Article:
However, the characters are credible, as are London’s relationships with her friends and family and the narrative cracks along, taking the reader with it. The film rights for the book have just been sold where it will come up against such movies as 50 First Dates, The Time-Traveler’s Wife and Memento. VR
Wintercraft: Blackwatch HHH
Jenna Burtenshaw, Headline, 288pp, 978 0 7553 7122 8, £6.99 pbk
Fans of Jenna Burtenshaw’s debut novel Wintercraft will now be able to renew their acquaintance with its fantasy landscapes and characters in her follow-up, Blackwatch. Once again, in terrains that are increasingly dark and macabre, we have the opportunity to pursue, in particular, two destinies, those of Kate Winters and Silas Dane, and to penetrate the many mazes (moral and otherwise) of the world known as Albion. The narrative is, for most of the time, quite gripping, though very close reading is necessary if all the subtleties of the twists and turns of friendship and loyalty are to be grasped: watch out for what develops in the relationship between Kate and her always trustworthy friend Edgar. With both of the main characters on the run from forces determined to capture them, the plot proceeds at a lively pace and the introduction of new characters, especially the enigmatic Dalliah Grey, ensures the reader’s continuing involvement. It must be said, though, that at times the novel’s depiction of the intricacies of its many power struggles becomes repetitive, as does its emphasis on the quasi-mystical ‘veil’ which separates the worlds of the living and the worlds of the dead. There is a denouement of sorts but by the novel’s end many outcomes have still to be clarified. As we leave Kate ‘completely and powerlessly alone’ on a ship ‘carrying her towards a fate laid down for her by her ancestors long ago’ we know that a third, concluding volume of Burtenshaw’s trilogy is on its way.
The Western Mysteries: The Case of the Deadly Desperadoes
Caroline Lawrence, ill. Richard Russell Lawrence, Orion, 288pp, 978 1 4440 0169 3, £9.99 hbk
This novel set in the 1860s begins with 12-year-old P K Pinkerton finding his foster father dead with an axe in his chest and his foster mother alive only long enough to whisper some instructions into his ear. Our hero shows little of the emotion one would normally expect from a child of 12 who encounters such a scenario. PK is guided by his belief in God but he has trouble telling whether people are genuine or not. His story is supposedly written on some ledger books found in Caroline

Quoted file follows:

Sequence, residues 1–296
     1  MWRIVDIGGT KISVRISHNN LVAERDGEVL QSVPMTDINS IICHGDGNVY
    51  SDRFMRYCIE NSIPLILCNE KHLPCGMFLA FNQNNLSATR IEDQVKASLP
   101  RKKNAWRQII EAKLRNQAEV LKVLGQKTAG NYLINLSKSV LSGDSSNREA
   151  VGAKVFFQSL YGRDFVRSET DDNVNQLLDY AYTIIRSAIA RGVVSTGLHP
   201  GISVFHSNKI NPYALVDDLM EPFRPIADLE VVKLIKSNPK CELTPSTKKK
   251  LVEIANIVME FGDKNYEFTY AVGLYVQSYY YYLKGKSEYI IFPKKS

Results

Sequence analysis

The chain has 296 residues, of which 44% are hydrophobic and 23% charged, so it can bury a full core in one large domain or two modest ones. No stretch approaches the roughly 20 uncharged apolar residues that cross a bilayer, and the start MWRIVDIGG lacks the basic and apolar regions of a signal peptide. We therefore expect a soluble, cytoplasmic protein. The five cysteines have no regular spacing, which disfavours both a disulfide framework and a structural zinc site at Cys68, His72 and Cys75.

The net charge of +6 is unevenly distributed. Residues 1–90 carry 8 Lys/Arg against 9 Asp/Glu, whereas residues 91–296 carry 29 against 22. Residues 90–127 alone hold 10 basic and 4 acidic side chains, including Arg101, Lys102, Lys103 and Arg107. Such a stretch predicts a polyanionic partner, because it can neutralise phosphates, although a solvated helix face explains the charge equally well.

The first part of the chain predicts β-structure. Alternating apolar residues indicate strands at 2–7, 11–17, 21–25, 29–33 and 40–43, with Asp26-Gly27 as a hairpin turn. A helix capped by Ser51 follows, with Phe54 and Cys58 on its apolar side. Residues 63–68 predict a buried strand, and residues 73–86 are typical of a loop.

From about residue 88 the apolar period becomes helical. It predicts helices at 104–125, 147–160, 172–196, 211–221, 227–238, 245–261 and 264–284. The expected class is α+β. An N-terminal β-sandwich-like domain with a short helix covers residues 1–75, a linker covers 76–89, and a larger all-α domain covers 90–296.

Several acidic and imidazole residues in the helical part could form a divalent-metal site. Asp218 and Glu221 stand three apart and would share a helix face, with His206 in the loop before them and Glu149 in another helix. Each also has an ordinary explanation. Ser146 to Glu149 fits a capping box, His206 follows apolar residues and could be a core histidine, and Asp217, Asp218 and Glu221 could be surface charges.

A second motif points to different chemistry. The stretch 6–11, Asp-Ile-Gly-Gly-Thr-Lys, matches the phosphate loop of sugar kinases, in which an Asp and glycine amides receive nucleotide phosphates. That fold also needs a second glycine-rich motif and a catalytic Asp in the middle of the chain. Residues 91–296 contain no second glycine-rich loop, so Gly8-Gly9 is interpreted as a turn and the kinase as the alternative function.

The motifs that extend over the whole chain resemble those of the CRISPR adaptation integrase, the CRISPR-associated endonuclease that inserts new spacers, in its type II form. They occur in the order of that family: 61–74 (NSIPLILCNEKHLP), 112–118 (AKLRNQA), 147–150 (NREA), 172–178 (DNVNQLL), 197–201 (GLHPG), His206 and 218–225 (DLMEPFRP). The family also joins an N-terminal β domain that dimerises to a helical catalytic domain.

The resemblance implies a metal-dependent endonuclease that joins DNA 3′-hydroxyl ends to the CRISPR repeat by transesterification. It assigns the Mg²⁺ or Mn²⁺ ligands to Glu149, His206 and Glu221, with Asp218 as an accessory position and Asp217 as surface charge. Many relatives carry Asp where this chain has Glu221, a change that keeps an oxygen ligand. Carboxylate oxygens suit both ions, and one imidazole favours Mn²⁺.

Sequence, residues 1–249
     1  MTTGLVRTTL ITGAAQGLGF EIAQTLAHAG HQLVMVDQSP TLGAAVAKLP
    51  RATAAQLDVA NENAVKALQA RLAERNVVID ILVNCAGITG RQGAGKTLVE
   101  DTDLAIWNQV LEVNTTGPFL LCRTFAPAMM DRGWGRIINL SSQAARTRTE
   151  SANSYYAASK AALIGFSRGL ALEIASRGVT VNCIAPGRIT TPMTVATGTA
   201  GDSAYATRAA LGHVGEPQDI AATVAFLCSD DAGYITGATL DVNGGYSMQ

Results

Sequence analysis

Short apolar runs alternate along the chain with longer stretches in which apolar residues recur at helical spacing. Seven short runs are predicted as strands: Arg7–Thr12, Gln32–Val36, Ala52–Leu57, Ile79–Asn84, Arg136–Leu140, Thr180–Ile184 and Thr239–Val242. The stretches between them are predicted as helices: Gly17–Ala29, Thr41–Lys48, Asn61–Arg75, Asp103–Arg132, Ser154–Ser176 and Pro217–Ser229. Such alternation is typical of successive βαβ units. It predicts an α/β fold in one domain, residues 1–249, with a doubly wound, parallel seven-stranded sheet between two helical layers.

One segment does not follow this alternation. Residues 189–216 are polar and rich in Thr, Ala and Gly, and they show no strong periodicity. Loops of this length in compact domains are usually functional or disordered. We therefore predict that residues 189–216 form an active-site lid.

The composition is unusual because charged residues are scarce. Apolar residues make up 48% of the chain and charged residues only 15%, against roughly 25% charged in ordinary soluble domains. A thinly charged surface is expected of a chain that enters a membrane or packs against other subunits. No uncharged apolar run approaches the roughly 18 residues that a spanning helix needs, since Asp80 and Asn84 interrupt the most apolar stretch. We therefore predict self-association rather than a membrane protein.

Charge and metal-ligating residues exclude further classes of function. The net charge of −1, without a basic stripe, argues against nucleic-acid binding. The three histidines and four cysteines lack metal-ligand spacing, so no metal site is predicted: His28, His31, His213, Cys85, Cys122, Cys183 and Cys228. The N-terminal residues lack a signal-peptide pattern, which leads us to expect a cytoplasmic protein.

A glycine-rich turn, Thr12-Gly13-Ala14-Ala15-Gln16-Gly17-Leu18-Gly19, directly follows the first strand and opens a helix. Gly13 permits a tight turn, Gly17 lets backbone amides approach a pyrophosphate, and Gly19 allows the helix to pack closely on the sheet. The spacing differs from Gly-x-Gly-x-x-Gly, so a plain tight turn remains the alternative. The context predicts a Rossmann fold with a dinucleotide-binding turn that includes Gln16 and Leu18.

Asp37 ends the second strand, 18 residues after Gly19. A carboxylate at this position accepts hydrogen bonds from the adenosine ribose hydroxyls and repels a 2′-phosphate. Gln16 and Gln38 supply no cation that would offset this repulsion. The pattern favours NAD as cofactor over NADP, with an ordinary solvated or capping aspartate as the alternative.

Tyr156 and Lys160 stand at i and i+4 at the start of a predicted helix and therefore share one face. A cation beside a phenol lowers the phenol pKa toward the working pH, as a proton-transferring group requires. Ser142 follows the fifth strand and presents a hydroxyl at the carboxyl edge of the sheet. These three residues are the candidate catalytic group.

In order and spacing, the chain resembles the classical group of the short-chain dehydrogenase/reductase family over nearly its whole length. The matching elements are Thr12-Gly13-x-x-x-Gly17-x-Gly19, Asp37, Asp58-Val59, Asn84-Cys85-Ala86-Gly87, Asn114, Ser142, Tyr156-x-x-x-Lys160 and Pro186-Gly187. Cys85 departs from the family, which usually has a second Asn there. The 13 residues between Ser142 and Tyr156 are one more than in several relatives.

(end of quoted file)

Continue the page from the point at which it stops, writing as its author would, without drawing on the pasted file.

great-grandmother’s attic in California.
The reader readily enters the life of this resourceful and engaging young man as he goes on the run from Whittlin Walt who is in search of a letter which gives the bearer ownership of some land near Pleasant Town. This land is evidently worth a dollar or two as PK is chased to Virginia City, encountering Belle, the ‘Soiled Dove’ and the newspaper repor ter Sam Clemens, aka Mark Twain. Helped by a Chinese boy and a professional gambler who teaches him how to read people by watching their feet, PK evades Walt until the final pages when he is trapped down a mineshaft and writes his story on the ledger to be found later which is where we came in.
The text is full of clever jokes like PK’s description of the prostitute Belle as a ‘Soiled Dove’, or the exchanges on p.205 about the meaning of Mark Twain and the many misspellings of words like ‘hore’ for whore. These may appeal to an adult but would I fear pass over a child’s head. The story moves along at a pace, is very exciting and full of twists and turns and, if the reader can suspend the picture in his/her mind of the foster father with an axe in his chest, then it is a good read. To enjoy this Western genre reality has to take a back seat. This novel would read aloud very well and also probably make a good film.